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The talks in this Friday afternoon symposium will cover topics related to column and stationary phase development and instrumentation, along with the analytical and production-scale applications of chiral chromatography.
The session will kick off at 1:30 pm with a talk by Michael Wey and his group at The University of Texas at Arlington and AZYP LLC, on enhancing chiral separations using superficially porous particles. Superficially porous particles (SPPs), also known as core–shell particles, are now commonplace on high performance liquid chromatographs. Wey will discuss how adoption of SPPs have redefined the state of chiral separation technology.
Next, at 2:05 pm, Nelu Grinberg of Grinberg Consulting will discuss vibrational circular dichroism spectroscopy (VCD) for determining supramolecular interactions in enantiomeric separations. Understanding the interactions between the select and the selector occurring during enantiomeric separations makes method development easier. The study of such interactions can be performed using VCD. Grinberg will explain how his group used VCD to facilitate a better understanding of chiral separation and consequently increased the speed and efficiency of the method development process.
Larry Miller of Amgen will then describe, at 2:40 pm, preparative enantioseparations in pharmaceutical research and development (R&D). Over the past 30 years, preparative chiral chromatography has evolved to become a critical technique in pharmaceutical discovery and development. Using relevant pharmaceutical examples, this talk will provide a historical overview of preparative enantioseparations in pharmaceutical R&D and manufacturing as well as discuss future opportunities for improvements in the field.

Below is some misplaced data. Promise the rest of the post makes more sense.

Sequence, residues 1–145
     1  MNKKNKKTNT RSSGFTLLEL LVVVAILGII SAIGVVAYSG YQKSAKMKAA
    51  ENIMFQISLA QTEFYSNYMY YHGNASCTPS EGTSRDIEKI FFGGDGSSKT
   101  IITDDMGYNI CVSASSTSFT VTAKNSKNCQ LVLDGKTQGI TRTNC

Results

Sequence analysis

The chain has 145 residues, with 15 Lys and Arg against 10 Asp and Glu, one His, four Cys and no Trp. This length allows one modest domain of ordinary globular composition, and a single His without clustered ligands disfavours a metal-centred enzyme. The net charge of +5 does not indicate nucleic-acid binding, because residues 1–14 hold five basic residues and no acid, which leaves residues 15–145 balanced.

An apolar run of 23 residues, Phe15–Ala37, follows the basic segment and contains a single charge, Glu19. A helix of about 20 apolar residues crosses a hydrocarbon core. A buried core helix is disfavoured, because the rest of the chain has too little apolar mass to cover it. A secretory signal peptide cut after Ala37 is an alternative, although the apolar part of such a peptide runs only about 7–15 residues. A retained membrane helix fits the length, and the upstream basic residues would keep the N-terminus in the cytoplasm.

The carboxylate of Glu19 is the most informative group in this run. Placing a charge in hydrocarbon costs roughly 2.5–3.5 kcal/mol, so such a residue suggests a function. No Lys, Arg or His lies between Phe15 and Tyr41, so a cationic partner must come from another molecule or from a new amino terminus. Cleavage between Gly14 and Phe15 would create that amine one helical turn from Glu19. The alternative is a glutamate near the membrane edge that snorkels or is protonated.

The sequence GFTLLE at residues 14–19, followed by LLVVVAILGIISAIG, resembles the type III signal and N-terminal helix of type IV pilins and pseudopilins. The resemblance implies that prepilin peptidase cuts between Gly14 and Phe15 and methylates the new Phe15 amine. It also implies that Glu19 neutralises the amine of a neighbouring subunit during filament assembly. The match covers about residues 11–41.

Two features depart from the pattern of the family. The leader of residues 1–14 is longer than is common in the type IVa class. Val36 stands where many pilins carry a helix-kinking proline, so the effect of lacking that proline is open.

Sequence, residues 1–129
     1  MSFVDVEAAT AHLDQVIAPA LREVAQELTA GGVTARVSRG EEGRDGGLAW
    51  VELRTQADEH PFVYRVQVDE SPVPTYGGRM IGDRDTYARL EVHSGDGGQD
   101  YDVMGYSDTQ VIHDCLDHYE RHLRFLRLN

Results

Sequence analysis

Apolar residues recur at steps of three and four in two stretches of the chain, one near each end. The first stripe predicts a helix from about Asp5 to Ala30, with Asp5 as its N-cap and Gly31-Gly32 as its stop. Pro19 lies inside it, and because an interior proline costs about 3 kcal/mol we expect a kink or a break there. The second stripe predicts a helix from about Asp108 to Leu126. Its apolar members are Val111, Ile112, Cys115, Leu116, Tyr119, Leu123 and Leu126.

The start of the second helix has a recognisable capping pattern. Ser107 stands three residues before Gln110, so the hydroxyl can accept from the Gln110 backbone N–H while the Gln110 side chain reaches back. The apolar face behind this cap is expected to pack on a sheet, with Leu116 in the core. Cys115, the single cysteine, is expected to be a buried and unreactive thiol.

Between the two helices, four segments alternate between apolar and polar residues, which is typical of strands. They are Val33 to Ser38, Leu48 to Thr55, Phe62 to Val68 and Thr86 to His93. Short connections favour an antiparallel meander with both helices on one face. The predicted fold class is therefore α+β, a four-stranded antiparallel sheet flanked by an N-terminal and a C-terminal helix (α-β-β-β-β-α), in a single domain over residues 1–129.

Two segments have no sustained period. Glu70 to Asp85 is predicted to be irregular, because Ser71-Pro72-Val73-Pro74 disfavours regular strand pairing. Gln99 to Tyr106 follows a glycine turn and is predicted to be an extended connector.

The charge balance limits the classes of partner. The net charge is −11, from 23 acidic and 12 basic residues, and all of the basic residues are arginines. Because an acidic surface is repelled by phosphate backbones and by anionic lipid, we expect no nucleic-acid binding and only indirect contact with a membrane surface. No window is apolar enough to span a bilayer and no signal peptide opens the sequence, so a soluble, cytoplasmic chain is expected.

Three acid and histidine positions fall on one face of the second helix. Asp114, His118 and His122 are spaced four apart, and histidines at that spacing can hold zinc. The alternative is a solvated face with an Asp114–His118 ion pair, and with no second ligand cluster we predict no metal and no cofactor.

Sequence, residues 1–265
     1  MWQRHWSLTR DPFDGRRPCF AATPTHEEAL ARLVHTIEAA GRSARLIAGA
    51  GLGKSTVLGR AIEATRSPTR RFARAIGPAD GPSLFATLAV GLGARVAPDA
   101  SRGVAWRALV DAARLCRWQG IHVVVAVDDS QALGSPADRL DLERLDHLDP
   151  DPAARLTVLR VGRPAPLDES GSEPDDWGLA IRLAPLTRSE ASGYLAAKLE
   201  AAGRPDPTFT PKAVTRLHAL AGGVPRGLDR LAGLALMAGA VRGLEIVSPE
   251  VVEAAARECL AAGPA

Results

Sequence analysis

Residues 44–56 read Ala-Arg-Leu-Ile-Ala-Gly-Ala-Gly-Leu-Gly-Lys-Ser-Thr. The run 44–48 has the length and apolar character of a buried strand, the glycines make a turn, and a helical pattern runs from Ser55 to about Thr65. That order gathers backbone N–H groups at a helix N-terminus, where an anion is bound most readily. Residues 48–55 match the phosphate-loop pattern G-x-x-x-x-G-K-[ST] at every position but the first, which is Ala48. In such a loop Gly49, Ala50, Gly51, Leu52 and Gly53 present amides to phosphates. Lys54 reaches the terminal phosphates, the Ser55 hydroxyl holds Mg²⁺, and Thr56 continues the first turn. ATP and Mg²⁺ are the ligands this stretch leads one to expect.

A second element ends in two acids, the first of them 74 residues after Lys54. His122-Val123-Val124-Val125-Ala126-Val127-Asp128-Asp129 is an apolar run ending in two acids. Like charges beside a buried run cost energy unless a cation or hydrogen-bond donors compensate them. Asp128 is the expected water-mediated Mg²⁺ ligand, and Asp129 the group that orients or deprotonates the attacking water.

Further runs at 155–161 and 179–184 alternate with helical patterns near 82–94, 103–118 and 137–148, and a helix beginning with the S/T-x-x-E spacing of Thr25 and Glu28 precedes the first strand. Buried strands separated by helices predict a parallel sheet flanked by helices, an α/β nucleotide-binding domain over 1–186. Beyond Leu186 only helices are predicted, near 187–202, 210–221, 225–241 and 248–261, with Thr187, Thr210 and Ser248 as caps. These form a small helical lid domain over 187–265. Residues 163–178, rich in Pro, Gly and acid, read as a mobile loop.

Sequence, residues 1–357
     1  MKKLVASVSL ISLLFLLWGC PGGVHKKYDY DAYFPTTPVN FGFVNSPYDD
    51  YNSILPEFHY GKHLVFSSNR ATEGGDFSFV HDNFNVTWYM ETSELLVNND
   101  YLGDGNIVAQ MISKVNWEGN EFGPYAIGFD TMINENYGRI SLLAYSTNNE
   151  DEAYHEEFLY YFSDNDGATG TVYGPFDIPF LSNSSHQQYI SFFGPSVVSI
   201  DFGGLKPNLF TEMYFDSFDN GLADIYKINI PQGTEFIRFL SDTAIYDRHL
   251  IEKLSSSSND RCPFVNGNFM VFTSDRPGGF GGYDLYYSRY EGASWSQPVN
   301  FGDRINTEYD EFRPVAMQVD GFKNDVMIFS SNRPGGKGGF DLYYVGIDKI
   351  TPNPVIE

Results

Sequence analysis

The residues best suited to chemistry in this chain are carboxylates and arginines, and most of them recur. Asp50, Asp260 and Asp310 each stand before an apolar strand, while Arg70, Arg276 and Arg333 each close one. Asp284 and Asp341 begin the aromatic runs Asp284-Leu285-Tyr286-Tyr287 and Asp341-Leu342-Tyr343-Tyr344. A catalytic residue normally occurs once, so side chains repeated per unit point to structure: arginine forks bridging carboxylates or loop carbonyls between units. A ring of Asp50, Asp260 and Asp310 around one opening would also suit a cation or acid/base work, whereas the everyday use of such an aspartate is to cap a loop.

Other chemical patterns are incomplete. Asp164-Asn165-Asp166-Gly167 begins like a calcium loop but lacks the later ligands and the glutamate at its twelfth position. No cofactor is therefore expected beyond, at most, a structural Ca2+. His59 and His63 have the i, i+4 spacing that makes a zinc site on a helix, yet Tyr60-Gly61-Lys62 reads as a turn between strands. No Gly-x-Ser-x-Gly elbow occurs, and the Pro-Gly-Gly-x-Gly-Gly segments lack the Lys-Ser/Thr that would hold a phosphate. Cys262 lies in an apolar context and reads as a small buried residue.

This will be followed by a talk at 3:30 pm by Christopher Welch at the Indiana Consortium for Analytical Science and Engineering (ICASE) on the early development in the chromatographic separation of isomers. He will focus on Professor William H. Pirkle’s (1934–2018) impact on modern chemistry by inventing and popularizing widely used techniques for the analysis and purification of enantiomers—contributions that paved the way for the subsequent advances in the discovery, development, and manufacture of enantiopure pharmaceuticals, agrochemicals, and specialty chemicals.
The session will wrap up with a talk at 4:05 pm by Mengling Wong of Genentech on advancing chiral analysis and separation technology to support research drug discovery programs. Genentech’s Analytical Research group has developed an optimized chiral screening workflow that utilizes a set of 15 chiral phases. This chiral screen uses short columns, short run times, and high flow rates to achieve rapid, high-quality results. Wong will explain how this approach enabled Genentech to rapidly screen and then scale-up to purify milligram to multigram quantities of chiral molecules in support of their drug discovery programs.